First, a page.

(b) Briefly explain how ONE specific historical event or development from the period 1790-1840 could be used to support the sentiment expressed in Jackson’s message.
(c) Briefly explain how ONE specific historical event or development from the period 1790-1840 could be used to support the sentiment expressed in Webster’s message.

Example Short Answer Question 2

Answer (a), (b), and (c)

(a) Briefly explain ONE important goal of the Missouri Compromise of 1820.
(b) Briefly explain ONE reason why this compromise was successful in achieving the goal you outlined in part (a).
(c) Briefly explain ONE reason why this compromise was unsuccessful in achieving the goal you outlined in part (a).

Example Short Answer Question 3

From the Library of Congress

Answer questions (a), (b), and (c)

(a) Briefly explain how ONE major historical factor contributed to creation of the image.
(b) Briefly explain ONE historical response to the image.
(c) Briefly explain ONE historical response to the image that diverges from what you wrote in part (b).

Brief Answer Key

Short Answer Question 1

Examples of responses to (a) that would earn the point:

  • Jackson believed that the Bank of the United States (BUS) was an institution that was appointed and was therefore not accountable to citizens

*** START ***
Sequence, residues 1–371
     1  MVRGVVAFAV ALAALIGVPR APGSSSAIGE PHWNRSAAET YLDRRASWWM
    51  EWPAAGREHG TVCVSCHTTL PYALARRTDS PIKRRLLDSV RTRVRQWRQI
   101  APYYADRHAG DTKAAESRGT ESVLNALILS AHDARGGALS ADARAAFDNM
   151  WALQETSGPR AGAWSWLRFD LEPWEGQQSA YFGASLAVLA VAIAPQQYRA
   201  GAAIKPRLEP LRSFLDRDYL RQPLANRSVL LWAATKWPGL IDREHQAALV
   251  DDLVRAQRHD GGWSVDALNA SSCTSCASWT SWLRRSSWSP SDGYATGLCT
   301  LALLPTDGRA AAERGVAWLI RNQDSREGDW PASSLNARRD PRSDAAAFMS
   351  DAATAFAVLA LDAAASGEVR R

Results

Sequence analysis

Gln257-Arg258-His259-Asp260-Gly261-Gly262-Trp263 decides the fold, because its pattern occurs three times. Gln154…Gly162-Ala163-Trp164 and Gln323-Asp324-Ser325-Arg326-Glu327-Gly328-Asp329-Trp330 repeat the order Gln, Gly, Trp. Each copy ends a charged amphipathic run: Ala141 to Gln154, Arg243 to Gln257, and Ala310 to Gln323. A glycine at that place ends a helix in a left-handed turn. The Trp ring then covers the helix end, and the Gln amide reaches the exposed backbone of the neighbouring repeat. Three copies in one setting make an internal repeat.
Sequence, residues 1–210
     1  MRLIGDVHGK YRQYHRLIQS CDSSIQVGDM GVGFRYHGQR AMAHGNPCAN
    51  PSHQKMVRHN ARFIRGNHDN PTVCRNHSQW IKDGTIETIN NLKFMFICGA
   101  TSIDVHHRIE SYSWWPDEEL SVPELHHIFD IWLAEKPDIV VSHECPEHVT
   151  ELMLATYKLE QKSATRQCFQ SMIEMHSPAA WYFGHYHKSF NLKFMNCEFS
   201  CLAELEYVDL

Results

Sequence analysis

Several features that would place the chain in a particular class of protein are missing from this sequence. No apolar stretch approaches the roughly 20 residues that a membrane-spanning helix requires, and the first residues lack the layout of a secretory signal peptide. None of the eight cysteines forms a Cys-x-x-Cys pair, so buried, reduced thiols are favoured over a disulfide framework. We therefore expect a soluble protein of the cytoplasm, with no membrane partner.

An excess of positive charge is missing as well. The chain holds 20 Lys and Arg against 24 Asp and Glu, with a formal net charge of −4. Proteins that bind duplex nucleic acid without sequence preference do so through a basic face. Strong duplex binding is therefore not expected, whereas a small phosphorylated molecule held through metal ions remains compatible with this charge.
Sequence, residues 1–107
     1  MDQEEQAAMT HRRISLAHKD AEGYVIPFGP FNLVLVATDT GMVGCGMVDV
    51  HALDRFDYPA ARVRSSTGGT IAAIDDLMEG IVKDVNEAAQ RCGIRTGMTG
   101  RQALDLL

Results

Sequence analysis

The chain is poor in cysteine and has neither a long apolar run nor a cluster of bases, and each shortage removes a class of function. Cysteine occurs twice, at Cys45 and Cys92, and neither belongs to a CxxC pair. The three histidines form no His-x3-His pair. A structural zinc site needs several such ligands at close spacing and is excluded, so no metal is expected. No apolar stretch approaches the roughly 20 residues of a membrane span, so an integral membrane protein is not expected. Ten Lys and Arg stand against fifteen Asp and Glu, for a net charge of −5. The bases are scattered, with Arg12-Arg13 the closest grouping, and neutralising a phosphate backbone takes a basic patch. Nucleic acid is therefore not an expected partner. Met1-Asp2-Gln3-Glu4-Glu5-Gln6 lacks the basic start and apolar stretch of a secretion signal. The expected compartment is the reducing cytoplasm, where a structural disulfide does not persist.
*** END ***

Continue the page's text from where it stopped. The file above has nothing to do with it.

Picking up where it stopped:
• Webster believed that Jackson was acting inappropriately as President in discrediting another government institution, as the President of the United States is the leader of the government
  • What’s most important is that you connect your response about the two different interpretations to views about the role and power of the government.

    Examples of responses to (b) that would earn the point:

  • The BUS charter of 1791 was opposed by states’ rights advocates such as Thomas Jefferson who did not think the federal government had the power to establish a bank
  • The Panic of 1819 was the result of the more conservative lending practices of the BUS, such as a sharp decrease in lending to western banks
  • Historical events that show how centralized power (i.e. the BUS) was harmful to Westerners, agrarians, and other “common men” would support Jackson’s point of view.

    Examples of responses to (c) that would earn the point:

  • Establishment of the Whig Party where Webster would oppose unfettered populism
  • The various economic panics that were the result of a weak central bank practices, such as liberal lending policies and support of land speculation